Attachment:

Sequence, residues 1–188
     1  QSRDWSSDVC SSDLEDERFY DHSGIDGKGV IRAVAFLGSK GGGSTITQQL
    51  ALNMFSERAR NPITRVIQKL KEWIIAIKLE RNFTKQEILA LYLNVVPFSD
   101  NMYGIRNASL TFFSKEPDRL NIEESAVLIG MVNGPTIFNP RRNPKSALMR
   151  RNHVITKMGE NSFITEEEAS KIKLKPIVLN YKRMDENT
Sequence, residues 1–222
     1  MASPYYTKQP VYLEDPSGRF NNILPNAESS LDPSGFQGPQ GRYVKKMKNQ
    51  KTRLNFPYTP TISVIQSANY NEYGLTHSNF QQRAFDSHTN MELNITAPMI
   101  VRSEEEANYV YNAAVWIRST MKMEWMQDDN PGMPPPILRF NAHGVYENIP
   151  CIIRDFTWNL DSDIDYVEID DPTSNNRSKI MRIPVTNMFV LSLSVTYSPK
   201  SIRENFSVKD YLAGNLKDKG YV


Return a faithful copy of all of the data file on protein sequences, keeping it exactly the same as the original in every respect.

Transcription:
Sequence, residues 1–188
     1  QSRDWSSDVC SSDLEDERFY DHSGIDGKGV IRAVAFLGSK GGGSTITQQL
    51  ALNMFSERAR NPITRVIQKL KEWIIAIKLE RNFTKQEILA LYLNVVPFSD
   101  NMYGIRNASL TFFSKEPDRL NIEESAVLIG MVNGPTIFNP RRNPKSALMR
   151  RNHVITKMGE NSFITEEEAS KIKLKPIVLN YKRMDENT
Sequence, residues 1–222
     1  MASPYYTKQP VYLEDPSGRF NNILPNAESS LDPSGFQGPQ GRYVKKMKNQ
    51  KTRLNFPYTP TISVIQSANY NEYGLTHSNF QQRAFDSHTN MELNITAPMI
   101  VRSEEEANYV YNAAVWIRST MKMEWMQDDN PGMPPPILRF NAHGVYENIP
   151  CIIRDFTWNL DSDIDYVEID DPTSNNRSKI MRIPVTNMFV LSLSVTYSPK
   201  SIRENFSVKD YLAGNLKDKG YV